Stephen Kilgus

Position title: Associate Professor


316A Educational Sciences
1025 West Johnson St.
Madison, WI 53706-1796

Curriculum Vitae


Ph.D., Educational Psychology (School Psychology), University of Connecticut, Storrs, CT

Personal Biography

Dr. Kilgus is an Associate Professor in the School Psychology Program. He received his doctorate from the University of Connecticut in 2011 and completed his pre-doctoral internship at the May Institute in Randolph, MA. Prior to coming to UW-Madison, Dr. Kilgus worked at both the University of Missouri and East Carolina University. He has received multiple awards from Division 16 of the American Psychology Association for his work, including the Outstanding Dissertation Award (2012) and the Lightner Witmer Award for early career scholarship (2016). He is currently an associate editor for the Journal of School Psychology.

Research Interests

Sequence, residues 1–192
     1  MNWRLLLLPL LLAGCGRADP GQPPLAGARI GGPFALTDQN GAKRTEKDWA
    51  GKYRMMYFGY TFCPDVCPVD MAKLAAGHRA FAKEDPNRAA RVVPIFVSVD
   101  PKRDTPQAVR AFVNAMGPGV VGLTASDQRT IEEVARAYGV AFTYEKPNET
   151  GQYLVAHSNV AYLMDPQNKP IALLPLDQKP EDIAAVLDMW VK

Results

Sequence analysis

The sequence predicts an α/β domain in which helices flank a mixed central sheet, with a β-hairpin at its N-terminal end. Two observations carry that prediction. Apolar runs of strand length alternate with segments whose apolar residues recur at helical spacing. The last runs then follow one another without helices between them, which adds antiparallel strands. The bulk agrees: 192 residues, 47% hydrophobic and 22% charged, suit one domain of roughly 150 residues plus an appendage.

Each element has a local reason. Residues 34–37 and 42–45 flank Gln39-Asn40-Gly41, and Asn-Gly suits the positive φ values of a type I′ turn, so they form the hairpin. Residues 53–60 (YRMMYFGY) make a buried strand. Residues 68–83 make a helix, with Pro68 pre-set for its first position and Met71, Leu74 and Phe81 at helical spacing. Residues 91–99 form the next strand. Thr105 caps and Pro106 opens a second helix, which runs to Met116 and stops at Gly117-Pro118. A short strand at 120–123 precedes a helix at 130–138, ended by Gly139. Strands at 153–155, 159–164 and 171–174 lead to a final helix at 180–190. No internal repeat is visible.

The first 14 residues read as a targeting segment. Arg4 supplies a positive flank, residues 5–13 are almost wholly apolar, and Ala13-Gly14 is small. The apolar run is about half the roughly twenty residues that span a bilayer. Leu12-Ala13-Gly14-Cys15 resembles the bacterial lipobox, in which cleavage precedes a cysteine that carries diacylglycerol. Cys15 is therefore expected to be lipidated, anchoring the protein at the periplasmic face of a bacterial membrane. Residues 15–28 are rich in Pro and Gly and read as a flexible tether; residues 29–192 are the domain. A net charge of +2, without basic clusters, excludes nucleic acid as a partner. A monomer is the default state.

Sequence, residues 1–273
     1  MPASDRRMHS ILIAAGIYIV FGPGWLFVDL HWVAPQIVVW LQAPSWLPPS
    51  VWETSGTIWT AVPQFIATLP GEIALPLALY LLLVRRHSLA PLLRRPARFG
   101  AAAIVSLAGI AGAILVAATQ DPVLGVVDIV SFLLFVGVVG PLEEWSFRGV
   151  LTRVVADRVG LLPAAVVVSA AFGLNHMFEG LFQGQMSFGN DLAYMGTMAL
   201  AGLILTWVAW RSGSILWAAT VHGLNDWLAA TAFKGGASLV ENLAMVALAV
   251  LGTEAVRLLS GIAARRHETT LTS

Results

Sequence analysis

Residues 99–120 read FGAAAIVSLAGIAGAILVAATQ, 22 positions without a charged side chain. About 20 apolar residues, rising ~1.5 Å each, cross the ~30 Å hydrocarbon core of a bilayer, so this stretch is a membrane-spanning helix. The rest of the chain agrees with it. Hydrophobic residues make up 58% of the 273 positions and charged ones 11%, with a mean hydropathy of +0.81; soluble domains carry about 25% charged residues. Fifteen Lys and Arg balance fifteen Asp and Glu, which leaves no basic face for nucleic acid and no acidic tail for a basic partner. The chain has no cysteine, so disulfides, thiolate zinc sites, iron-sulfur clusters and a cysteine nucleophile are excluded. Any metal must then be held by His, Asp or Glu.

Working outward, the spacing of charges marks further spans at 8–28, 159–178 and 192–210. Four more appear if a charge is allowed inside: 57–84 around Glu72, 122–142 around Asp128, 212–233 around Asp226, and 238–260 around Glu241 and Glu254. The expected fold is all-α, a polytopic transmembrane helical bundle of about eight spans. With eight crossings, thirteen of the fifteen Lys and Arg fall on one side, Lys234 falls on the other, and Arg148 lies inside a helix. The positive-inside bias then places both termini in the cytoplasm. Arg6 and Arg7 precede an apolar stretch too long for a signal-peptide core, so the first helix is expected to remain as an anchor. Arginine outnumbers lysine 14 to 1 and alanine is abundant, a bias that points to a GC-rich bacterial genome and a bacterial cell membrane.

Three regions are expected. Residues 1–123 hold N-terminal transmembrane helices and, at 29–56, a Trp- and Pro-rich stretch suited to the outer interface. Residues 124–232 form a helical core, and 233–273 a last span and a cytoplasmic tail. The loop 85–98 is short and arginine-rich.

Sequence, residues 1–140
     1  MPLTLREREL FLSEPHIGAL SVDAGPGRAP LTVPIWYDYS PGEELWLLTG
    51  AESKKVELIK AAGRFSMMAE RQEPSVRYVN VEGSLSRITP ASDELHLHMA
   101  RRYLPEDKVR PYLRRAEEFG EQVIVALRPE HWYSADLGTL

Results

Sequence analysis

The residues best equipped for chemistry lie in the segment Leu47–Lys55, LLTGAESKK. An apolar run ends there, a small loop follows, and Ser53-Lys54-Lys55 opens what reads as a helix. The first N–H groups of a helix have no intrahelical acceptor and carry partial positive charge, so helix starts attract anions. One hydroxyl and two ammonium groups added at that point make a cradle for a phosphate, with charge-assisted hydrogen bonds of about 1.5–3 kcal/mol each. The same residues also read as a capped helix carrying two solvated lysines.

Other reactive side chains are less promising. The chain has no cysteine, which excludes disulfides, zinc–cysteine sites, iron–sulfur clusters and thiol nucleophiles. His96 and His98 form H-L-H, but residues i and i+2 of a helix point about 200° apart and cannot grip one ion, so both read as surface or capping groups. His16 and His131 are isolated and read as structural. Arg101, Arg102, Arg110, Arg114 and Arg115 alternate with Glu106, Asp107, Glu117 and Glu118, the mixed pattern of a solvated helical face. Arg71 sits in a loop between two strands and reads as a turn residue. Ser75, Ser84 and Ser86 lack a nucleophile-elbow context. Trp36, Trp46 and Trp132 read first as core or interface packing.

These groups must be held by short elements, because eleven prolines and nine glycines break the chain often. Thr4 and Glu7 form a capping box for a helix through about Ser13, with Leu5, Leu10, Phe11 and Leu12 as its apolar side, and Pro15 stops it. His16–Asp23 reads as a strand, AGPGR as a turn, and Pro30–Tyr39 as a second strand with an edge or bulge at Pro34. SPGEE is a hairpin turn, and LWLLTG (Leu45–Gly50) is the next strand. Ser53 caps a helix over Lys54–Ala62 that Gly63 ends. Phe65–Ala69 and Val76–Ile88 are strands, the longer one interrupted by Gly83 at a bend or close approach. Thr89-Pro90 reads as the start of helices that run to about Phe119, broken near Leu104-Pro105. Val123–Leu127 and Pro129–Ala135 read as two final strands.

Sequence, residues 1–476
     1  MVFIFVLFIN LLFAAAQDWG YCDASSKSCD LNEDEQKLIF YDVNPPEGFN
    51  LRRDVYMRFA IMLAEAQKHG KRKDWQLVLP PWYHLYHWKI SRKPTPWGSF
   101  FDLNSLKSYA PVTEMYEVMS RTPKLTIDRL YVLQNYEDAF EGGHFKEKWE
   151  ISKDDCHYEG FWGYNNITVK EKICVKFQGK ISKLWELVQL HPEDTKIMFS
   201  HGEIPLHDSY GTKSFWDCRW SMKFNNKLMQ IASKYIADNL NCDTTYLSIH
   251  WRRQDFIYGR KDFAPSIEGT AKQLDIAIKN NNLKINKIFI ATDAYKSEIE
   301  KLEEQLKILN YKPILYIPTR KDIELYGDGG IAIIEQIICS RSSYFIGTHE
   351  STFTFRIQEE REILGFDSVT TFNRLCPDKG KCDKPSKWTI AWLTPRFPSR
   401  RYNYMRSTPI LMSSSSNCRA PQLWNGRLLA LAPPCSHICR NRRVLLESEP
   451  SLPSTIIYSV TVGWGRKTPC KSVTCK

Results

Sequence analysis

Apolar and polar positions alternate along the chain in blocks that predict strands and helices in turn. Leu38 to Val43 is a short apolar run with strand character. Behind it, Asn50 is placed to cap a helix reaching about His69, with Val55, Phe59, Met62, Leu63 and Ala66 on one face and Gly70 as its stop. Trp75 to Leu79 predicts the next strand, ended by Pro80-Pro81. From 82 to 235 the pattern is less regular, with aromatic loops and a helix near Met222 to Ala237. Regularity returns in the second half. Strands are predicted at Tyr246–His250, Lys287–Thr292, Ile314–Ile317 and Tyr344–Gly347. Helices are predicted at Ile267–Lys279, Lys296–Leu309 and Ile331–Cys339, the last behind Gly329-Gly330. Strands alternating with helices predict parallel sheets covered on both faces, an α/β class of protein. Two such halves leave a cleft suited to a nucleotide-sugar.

Dr. Kilgus’ research is in the area of school mental health. His primary research line relates to social-emotional and behavioral assessment. His work has resulted in the development of evidence-based assessment procedures, as well as the validation of tools for universal screening, problem analysis, and progress monitoring. He has authored and contributed to the development of a number of assessments, including Social, Academic, and Emotional Behavior Risk Screener (SAEBRS) and Direct Behavior Ratings (DBRs). He currently serves as a principal investigator on a grant from the Institute of Education Sciences (IES) regarding the validation of the Intervention Selection Profile (ISP): a suite of tools intended to inform the selection and modification of Tier 2 targeted interventions. Dr. Kilgus’ second research line pertains to the development and evaluation of Tier 2 targeted interventions. Multiple studies have examined Check In/Check Out (CICO), an intervention for students with social behavioral concerns. Dr. Kilgus is also a co-author of the Resilience Education Program (REP), a brief intervention for students at-risk for internalizing concerns (e.g., depression and anxiety).